The study of historical performing practices of Scottish fiddle music is greatly facilitated by the existence in music notation of multiple examples of individual tunes. Significantly, each is usually unique, and when taken together as an index of performing practice they can be interpreted to highlight performers’ creative engagement with the tune, defined as a loosely constructed melodic contour which is distinguishable from other tunes. While it is sometimes possible to identify lines of influence between examples, the variant paradigm utilised in folkloristics proves an inadequate tool in this context given the insignificance of an urtext and the individuality of most examples, based as they often are on a performance rather than an existing text. This paper will introduce the tune-concept as a helpful model which challenges the conception of music as a fixed text by recognising the contingency of notation upon performance. Tensions between aurality and literacy will be examined with recourse to examples of Scottish fiddle music, but the findings will be applicable to any traditional music for which tunes form a cultural currency, and of relevance to studies of pre nineteenth-century performing practice. Ultimately, it will demonstrate that notated examples represent a springboard from which performers start rather than an end-product in their own right.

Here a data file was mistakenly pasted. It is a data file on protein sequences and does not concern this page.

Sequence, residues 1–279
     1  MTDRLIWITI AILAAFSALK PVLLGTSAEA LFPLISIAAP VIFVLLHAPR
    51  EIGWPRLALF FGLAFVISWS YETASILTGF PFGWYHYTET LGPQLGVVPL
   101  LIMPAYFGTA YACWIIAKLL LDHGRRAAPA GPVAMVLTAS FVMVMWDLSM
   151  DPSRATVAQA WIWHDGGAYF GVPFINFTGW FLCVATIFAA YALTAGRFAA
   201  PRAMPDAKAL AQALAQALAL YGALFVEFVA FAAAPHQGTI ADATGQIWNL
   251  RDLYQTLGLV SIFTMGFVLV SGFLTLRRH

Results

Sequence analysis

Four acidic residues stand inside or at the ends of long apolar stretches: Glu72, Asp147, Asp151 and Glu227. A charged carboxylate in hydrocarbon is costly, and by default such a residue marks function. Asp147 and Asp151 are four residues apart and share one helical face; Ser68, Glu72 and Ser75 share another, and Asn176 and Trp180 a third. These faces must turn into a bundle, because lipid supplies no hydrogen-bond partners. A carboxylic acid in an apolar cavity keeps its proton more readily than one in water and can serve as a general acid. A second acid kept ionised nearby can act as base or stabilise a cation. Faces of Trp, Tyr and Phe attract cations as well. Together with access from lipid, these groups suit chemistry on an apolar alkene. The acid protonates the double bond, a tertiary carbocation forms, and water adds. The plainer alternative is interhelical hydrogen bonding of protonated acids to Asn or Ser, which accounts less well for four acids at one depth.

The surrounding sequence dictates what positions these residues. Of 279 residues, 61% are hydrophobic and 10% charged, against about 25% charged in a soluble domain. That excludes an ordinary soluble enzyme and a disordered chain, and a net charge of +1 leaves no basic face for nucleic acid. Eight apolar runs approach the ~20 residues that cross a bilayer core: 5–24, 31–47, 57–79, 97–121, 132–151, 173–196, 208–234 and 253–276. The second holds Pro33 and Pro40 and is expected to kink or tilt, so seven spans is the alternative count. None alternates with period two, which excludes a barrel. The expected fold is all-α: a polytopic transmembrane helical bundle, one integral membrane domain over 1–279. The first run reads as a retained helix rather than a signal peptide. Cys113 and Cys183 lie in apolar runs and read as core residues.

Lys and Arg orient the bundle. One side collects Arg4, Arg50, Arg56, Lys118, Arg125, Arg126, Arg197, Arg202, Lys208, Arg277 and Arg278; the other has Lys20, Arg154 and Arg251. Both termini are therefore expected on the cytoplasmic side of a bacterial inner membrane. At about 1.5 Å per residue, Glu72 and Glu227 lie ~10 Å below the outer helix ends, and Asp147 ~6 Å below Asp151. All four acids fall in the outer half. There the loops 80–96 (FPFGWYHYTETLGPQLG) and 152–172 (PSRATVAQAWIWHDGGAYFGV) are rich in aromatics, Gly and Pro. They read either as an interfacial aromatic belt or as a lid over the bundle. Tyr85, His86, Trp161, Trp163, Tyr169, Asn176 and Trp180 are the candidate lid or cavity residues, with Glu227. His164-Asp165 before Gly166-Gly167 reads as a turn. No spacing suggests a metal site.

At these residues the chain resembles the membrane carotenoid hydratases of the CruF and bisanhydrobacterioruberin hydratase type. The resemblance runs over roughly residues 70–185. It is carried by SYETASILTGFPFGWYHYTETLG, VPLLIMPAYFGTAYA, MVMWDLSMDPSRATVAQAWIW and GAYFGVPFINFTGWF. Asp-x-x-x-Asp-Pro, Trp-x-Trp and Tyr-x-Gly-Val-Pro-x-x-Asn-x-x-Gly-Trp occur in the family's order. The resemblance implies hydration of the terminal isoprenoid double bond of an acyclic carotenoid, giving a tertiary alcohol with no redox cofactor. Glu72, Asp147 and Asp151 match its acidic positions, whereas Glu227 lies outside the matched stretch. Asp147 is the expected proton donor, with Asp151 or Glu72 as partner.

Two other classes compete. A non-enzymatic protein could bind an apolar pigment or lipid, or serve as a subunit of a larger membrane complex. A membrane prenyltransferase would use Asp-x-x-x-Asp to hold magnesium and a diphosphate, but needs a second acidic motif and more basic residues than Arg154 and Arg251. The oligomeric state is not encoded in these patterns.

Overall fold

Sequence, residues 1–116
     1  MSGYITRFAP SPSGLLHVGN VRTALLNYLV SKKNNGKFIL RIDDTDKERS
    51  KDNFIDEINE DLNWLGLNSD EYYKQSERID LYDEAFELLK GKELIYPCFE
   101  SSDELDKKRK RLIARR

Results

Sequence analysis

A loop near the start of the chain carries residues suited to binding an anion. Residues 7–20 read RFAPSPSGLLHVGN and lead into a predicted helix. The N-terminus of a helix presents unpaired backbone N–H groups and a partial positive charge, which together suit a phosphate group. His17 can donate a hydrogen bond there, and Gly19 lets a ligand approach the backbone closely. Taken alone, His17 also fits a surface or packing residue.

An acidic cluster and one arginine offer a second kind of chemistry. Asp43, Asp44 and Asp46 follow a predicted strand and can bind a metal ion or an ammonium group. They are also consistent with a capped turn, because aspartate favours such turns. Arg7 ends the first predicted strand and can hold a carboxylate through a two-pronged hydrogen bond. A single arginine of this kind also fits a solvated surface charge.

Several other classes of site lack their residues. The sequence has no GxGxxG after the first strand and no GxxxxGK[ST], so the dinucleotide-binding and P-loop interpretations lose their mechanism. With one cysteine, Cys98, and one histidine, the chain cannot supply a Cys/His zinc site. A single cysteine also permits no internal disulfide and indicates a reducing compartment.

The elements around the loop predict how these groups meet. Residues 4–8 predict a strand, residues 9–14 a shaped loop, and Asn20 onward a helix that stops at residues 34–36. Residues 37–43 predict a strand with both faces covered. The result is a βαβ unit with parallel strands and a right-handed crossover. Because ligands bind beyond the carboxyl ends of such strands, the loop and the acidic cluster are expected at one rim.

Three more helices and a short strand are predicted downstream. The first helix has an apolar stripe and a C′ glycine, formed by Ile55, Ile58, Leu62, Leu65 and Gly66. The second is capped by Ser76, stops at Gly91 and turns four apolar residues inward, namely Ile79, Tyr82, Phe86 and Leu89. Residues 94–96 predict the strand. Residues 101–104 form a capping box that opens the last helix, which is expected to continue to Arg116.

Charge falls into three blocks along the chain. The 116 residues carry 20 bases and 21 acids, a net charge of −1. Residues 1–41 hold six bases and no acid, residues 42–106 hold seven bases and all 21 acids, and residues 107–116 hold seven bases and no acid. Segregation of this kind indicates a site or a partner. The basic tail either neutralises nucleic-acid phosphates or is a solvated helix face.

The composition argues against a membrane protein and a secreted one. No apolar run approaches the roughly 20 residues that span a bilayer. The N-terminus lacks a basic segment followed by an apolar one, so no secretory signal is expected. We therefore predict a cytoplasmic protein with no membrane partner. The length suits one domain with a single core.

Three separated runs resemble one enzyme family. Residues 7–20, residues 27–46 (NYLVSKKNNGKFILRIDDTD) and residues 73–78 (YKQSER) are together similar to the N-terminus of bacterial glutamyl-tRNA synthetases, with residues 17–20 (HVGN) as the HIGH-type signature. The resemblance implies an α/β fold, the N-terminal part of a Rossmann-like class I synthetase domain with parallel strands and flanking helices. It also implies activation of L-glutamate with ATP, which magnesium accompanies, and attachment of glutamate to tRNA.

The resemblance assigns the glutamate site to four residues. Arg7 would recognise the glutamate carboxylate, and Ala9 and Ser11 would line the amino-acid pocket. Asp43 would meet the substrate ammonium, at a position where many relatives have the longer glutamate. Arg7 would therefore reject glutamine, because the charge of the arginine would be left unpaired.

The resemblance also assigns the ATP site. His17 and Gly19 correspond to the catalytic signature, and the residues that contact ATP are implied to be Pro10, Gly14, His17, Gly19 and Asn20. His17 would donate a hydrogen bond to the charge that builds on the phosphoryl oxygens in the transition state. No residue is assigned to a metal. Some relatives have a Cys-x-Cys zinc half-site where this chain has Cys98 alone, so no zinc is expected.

|Publication status||Published - 8 Jan 2014|
|Event||Royal Musical Association Research Students' Conference - University of Birmingham, Birmingham, United Kingdom|
Duration: 6 Jan 2014 → 8 Jan 2014
|Conference||Royal Musical Association Research Students' Conference|
|Period||6/01/14 → 8/01/14|